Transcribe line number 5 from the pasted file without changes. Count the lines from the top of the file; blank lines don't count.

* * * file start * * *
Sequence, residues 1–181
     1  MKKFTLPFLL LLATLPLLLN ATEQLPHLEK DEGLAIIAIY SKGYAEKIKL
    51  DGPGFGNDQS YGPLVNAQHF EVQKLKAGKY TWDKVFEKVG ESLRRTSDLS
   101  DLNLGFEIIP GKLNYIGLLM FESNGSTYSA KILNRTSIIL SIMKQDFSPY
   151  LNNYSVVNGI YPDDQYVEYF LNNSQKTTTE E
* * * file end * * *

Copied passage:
   151  LNNYSVVNGI YPDDQYVEYF LNNSQKTTTE E